Volume 97, Issue 2, Spring 2023
The Philosophy of John Buridan
Buridan’s Radical View of Final Causality and Its Influence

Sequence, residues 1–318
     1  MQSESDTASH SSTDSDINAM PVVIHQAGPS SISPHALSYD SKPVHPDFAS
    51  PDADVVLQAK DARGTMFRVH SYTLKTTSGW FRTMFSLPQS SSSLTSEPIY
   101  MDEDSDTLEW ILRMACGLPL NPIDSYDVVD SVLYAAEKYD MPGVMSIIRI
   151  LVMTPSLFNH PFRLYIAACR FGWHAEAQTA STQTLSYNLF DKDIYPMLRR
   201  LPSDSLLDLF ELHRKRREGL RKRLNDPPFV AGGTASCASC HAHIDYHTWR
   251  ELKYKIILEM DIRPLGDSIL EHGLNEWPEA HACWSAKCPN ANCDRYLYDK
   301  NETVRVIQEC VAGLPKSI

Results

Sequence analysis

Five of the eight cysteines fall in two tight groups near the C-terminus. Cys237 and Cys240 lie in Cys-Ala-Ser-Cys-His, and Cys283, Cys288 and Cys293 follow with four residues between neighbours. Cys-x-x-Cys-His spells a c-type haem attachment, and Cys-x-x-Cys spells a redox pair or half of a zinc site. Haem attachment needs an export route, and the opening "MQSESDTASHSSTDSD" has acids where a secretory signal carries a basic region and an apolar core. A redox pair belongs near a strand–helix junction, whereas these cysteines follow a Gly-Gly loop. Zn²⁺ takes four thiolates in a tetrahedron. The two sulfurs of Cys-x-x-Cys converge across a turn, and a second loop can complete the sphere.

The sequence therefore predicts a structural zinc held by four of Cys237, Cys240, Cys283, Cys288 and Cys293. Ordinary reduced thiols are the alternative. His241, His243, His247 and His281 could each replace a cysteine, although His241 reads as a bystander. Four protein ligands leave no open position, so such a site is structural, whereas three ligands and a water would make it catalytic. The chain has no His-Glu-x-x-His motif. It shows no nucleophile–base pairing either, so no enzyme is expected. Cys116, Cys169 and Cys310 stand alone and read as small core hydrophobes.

In his commentary on Aristotle’s Physics, John Buridan (c. 1300–1361) presents his well-known rejection of final causality. The main problem he sees with it is that it requires the cause to exist before the effect. Despite this, he retains the terminology of ends. This has led to some difficulty interpreting Buridan’s view. In this article, I argue that one should not misunderstand Buridan’s terminology and think that he still retains some use or explanatory function for final causality in nature. To make this point, I look first at Buridan’s text, but then also at three thinkers who discuss Buridan’s view in detail: Albert of Saxony (d. 1390), Paul of Venice (d. 1429), and Luis Coronel (d. 1531). They all have a very clear idea of what Buridan’s view was and understand that it entails a rejection of final causality, but they also all preserve his distinctive terminology. Paul of Venice especially discusses and criticizes Buridan’s view in detail. Besides confirming my interpretation of the rejection of final causality, this study also shows that the view was extremely influential well into the sixteenth century and attributed to Buridan throughout two centuries.